Tags: Middle East | Israel | Egypt | Muslim | Brotherhood | Gaza

Brotherhood May Have Stoked Gaza

Wednesday, 21 November 2012 02:49 PM Current | Bio | Archive

Now that a cease-fire has been declared between Israel and Hamas in Gaza, there are several concerns that still must be addressed: Who was behind this escalation in the first place and why did it occur at this particular moment in time?

Egyptians have been turning against the Muslim Brotherhood in recent weeks, which could help explain the situation in neighboring Gaza. This is mainly because of the deteriorating economic situation in Egypt since the brotherhood came to power.

An Egyptian walks along Tahrir square during clashes between government supporters and opponents of the Muslim Brotherhood on October 12.
(Getty Images)
Long lines by Egyptians to get gas for their cars and electricity cuts to homes due to diminished energy supplies have become common since the MB took power after the fall of President Hosni Mubarak.

Furthermore, attempts to limit freedom of the press and censor the Internet have sparked outrage by many Egyptian liberals against the ruling Islamist regime.

Additionally, the recent decision of the Muslim Brotherhood government to close shops at 10 pm created a strong public backlash since this represents a significant departure from Egyptian cultural habits.
Increasing food prices has only exacerbated the situation.

The very high expectations that Islamists will ‘miraculously’ solve the problems of the country and the failure of Egyptian President Mohamed Morsi has only made things worse for the Muslim Brotherhood. Morsi promised that many of the country’s problems would be solved within the first 100 days of his presidency.

The anger of the Egyptian street against the new government has reached a level that started to shake the power of the Muslim Brotherhood in recent weeks as thousands of Egyptians demonstrated against the brotherhood.

It was not difficult for the MB to request — and probably help their sister Hamas organization — in flooding Israel with rocket attacks on  civilians to spark an Israeli military retaliation.

The latter has diverted the focus of Egyptians away from the country's internal issues to focus instead on the Palestinian problem, thus deflecting mounting public pressure and criticism on the MB. It is important in this context to note that both groups share a common ideological tenet for the desctruction of Israel. Leading members of Hamas have already pledged their allegiance (in public) to the supreme ruler of the Muslim Brotherhood.

Swearing an oath of allegiance to the MB simply means that the MB can easily stop Hamas from firing rockets on Israeli civilians. Not doing so means that the MB —not just Hamas — is responsible for attacking Israeli civilians.

Igniting a military confrontation and pulling Israel into a clash in Gaza could also be used by the MB to justify opening Egypt’s borders with Gaza and gaining public support for economic aid to Gaza — as Egyptians continue to suffer back home.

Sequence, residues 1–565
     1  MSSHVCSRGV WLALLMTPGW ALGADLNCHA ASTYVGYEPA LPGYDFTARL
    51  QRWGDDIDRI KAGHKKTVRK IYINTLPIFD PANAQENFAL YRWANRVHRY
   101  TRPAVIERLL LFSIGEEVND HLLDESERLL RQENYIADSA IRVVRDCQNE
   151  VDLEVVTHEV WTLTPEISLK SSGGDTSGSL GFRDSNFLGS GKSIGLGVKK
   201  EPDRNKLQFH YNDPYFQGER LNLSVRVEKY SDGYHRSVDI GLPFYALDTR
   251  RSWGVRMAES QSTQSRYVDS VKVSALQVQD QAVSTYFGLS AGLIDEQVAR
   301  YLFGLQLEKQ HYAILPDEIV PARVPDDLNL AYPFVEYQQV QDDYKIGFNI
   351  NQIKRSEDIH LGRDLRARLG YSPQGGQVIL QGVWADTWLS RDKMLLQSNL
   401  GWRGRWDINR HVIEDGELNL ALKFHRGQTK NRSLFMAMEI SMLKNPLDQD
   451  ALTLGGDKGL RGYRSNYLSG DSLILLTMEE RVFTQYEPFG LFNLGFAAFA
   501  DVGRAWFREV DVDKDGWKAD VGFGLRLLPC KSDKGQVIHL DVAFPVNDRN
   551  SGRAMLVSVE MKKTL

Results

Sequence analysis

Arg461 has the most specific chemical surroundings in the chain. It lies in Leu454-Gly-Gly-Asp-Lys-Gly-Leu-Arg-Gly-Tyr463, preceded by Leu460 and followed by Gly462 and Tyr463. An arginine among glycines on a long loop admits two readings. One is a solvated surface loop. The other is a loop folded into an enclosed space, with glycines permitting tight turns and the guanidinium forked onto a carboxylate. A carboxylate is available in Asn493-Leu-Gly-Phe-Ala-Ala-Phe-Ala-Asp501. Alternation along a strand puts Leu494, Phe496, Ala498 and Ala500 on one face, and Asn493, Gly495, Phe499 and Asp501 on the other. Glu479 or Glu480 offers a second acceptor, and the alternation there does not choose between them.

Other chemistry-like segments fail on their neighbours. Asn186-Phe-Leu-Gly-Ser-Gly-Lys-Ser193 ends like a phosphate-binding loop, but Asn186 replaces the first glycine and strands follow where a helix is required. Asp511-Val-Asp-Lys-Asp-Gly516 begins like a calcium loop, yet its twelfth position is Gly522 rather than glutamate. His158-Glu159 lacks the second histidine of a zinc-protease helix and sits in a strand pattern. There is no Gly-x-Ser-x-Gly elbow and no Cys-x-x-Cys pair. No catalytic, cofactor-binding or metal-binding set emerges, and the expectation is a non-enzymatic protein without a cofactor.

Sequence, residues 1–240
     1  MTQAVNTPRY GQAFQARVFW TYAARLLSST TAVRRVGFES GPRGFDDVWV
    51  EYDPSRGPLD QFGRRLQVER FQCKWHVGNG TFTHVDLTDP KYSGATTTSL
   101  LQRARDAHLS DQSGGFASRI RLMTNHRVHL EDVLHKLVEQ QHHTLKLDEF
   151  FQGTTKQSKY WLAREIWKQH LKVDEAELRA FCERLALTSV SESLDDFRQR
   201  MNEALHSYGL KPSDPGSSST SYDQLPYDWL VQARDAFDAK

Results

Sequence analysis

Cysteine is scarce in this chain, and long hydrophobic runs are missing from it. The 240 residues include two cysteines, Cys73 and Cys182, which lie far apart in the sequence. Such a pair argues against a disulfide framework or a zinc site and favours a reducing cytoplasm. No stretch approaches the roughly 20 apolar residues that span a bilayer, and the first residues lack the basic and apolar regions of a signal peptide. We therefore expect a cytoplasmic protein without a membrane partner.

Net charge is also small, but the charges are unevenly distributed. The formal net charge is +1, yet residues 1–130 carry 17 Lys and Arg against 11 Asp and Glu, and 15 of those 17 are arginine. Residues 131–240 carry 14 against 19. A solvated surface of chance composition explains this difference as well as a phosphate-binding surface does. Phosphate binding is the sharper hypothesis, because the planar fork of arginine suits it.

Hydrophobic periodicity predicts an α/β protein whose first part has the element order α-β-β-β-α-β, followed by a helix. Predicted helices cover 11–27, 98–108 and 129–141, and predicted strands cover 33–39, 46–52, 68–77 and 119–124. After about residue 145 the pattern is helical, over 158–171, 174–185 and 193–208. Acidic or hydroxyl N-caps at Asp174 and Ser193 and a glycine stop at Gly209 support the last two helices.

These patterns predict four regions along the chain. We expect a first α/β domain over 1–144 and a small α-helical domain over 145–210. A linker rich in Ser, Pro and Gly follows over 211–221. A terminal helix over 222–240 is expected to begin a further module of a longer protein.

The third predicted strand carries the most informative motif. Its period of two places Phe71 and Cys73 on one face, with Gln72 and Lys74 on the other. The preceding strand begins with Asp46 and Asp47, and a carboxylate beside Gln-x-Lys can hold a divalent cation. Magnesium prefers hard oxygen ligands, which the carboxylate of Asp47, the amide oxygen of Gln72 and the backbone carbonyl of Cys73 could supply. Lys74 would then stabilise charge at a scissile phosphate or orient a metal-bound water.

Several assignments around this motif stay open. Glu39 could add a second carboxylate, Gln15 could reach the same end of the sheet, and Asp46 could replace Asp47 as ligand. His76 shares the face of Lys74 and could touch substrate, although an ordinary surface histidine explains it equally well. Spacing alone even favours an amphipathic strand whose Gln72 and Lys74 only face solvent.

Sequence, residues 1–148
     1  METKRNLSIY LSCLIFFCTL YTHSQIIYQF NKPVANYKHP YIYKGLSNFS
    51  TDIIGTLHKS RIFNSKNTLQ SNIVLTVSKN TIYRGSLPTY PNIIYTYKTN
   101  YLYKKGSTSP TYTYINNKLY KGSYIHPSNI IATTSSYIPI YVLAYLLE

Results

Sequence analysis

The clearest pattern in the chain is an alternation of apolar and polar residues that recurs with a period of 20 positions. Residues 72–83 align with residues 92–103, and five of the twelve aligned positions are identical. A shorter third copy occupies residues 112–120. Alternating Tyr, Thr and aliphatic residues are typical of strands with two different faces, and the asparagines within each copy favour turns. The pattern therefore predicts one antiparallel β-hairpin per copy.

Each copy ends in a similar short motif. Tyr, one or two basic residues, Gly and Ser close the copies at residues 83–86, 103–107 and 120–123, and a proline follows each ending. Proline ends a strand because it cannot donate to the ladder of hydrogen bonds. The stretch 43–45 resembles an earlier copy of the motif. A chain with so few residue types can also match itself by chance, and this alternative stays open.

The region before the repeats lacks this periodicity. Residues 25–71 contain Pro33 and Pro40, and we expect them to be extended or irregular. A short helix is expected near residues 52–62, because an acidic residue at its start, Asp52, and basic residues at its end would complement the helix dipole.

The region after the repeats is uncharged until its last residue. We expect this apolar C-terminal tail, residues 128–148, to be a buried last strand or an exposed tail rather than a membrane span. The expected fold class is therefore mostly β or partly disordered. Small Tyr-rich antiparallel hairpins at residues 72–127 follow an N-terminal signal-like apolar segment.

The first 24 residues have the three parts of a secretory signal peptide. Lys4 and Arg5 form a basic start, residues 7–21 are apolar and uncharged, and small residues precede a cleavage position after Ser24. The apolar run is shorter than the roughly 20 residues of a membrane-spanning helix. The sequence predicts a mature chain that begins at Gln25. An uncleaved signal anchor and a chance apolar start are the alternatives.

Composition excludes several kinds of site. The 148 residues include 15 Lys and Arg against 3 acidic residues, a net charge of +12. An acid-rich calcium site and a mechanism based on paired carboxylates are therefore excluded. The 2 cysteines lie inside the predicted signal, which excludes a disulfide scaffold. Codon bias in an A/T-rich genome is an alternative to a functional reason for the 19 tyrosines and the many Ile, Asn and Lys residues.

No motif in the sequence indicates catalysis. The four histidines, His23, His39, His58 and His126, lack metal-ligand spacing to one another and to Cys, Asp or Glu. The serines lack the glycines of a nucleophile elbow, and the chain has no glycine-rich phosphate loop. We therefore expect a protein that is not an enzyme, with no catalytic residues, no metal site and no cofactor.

Many Egyptians were angry that the MB provided diesel to the Gazans while Egyptians suffer a fuel shortage and wait for hours in long lines.

Support for opening the borders with Gaza diminished after members of radical Palestinian Islamic groups entered Sinai and killed 16 Egyptian soldiers.

But with the recent hostilities in the region, the Muslim Brotherhood can regain public support for opening the borders with Gaza — and for sending economic support to its neighbor.

The Palestinians who enter Sinai will help the Muslim Brotherhood hold power in Egypt. Trained military personnel from Hamas will be ready to assist the MB in the event that there is a public uprising in Egypt.

Interestingly, many Egyptians — as observed on mainstream Arabic media and Internet social networks — did not get distracted with the Gaza issue and have criticized the MB for mismanagement of the country.

In fact, the recent killing of more than 50 young school children in a train accident in the south of Egypt turned more people against the Muslim Brotherhood.

Egyptians have criticized the brotherhood-led government in Egypt for providing more care and attention to the Gazans than to the families of Egyptian children killed in this horrific accident.

In recent days, Facebook and Twitter have been abuzz with outrage over the apparent preference shown to Palestinians over Egyptian citizens.

This is why I suspect that the recent rocket attacks on Israel by Hamas may have been orchestrated by Egypt’s Muslim Brotherhood.

For Map of Gaza Strip, Israel, Palestinian Region Click Here.

Dr. Tawfik Hamid is the author of "Inside Jihad: Understanding and Confronting Radical Islam." Read more reports from Tawfik Hamid — Click Here Now.

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Now that a cease-fire has been declared between Israel and Hamas in Gaza, there are several concerns that still must be addressed: Who was behind this escalation in the first place and why did it occur at this particular moment in time?
Wednesday, 21 November 2012 02:49 PM
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